My first car was a gray Pontiac Sunbird and, being that I was intrigued by manual transmissions, I had to have this feature even though I only knew how to drive an automatic. You may ask, “Why did you buy a new car that you couldn’t even drive?” Well, my rationale was that if the car was purchased, I would have to force myself to learn and face my fear. So, I bought the car and a good friend drove it home for me and, for about a month, I stared out the window trying to get up the nerve to learn how to drive it. One day, after growing tired of catching the bus, I found the nerve to learn and, of course, it wasn’t that bad. I drove that car for 13 years. Although it wasn’t new technology, it was new to me and it was a giant beast I had to conquer. (more…)
Has “The Art of Listening” become a thing of the past?
In today’s workplace, there are a tremendous amount of technological distractions. That’s evident by how much attention we get from our peers, friends or family members while engaged in a one-to-one conversation or meeting. There’s competition to be heard above the iPad, smartphone, social media sites, etc.
I grew up in a rather large family on both my maternal and paternal sides. Around the holidays, while there were many fun times and great memories, it was hard to get a word in edgewise. Thus, by default, I developed the art of listening and strategically knew the best time to ease into a conversation. Even at a young age, I studied body language, expressions and became more of an observer, which helped me to be more perceptive and to understand the uniqueness of each relative’s behavior.
When I came to Konica Minolta more than six years ago, our proprietary software, Dispatcher Phoenix, was being developed to include a legal solution. This is when my good listening skills kicked in, because I had to talk to our legal customers and listen carefully to their challenges to ascertain which features would be important to them. Some of these features included advanced document workflow solutions to automate document processing tasks, redaction, advanced OCR, and connectors to document management system, just to name a few.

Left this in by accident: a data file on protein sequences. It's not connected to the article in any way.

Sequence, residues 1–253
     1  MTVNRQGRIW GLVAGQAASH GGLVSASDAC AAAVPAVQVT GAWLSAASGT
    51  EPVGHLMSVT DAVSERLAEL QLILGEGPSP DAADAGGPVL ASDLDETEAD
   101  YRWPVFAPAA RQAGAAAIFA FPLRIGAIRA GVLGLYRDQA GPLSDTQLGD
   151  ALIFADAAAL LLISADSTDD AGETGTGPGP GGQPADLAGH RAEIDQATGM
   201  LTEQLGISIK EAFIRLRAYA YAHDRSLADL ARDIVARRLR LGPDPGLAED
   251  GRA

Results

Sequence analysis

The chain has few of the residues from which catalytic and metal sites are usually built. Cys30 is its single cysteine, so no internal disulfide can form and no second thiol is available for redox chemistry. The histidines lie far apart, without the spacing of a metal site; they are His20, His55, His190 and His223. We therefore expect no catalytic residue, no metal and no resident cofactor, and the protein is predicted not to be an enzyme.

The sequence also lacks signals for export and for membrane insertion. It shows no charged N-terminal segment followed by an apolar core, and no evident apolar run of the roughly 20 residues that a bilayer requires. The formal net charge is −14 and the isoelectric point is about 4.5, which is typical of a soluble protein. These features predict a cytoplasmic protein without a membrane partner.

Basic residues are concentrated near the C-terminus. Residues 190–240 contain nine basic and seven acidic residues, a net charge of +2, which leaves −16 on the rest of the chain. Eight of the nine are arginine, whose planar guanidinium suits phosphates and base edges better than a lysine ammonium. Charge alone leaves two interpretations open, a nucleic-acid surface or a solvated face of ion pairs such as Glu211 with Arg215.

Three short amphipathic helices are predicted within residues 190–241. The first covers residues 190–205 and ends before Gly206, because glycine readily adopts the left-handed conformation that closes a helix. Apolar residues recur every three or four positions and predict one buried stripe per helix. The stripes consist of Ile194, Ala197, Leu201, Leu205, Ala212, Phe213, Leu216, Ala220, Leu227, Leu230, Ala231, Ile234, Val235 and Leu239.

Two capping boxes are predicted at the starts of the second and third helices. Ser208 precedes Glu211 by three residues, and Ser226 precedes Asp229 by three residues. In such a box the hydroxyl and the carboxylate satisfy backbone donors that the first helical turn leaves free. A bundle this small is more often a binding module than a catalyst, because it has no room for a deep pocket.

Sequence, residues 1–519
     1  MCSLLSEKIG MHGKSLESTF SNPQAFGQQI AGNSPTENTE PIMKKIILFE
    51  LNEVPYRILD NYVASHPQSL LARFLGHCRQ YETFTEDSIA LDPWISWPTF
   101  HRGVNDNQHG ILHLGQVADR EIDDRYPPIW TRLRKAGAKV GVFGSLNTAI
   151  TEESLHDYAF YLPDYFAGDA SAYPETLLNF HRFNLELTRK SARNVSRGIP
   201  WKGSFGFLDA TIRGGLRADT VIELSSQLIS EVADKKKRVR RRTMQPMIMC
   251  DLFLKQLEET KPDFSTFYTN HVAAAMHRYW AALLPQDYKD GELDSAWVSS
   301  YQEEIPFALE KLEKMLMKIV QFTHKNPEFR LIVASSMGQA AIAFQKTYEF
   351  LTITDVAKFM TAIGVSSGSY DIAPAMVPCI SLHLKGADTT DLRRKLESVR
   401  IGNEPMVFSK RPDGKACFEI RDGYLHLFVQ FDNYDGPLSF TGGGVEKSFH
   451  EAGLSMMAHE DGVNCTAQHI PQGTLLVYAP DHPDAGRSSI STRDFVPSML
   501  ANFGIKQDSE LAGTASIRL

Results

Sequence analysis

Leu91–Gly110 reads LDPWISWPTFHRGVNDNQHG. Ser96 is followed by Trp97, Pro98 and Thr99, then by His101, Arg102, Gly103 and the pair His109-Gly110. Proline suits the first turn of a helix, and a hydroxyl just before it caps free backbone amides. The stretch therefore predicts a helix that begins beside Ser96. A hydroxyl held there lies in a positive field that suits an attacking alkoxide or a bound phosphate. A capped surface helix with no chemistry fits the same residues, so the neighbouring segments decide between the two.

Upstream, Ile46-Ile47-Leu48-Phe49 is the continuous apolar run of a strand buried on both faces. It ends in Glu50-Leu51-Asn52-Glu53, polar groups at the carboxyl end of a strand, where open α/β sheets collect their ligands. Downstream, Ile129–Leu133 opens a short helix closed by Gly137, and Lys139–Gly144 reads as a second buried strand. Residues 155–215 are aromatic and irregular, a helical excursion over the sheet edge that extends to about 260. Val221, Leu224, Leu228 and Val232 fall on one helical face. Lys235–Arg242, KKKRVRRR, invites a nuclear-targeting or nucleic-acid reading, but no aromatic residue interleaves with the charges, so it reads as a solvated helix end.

“Change is the only constant in life,” so said Heraclitus, the Greek philosopher, around 500 B.C. As I look toward the legal environment in 2017, that saying is alive and well thanks to the emergence of robotics, other workplace of the future solutions and artificial intelligence (AI), the next critical wave of change in law firms.
What is different from Heraclitus’ time is the velocity at which change is occurring. Advancing law firm technology has pushed firms to move uncommonly fast to implement the changes necessary to garner the benefits that are possible for strategic growth and overall survival. The law firm of the future must address these coming influences that are re-engineering how work will be done. What are these influences that I believe will impact the legal arena in 2017? Here are my predictions: (more…)
Ever since I was young, I have had a gift for spotting antique furniture. Even if it had 10 coats of paint and was unrecognizable as a relevant piece of history, I could see past that and find the hidden gem. As a hobby, I go on “antique adventures” throughout New England in the hopes of spotting that piece of furniture to refinish and bring back to its glory days. I do this because these antiques are, indeed, relevant.
Most recently, I spotted an art deco statute that was being used as an outside doorstop for more than 30 years. To my surprise, it was a 1920s original bearing the signature of Mr. Arthur von Frankenberg, one of New York’s well-known artists and sculptors who owned Frankart, Inc. “The Lady,” as I have named her, has been restored and made relevant again. She holds my peppermint treats.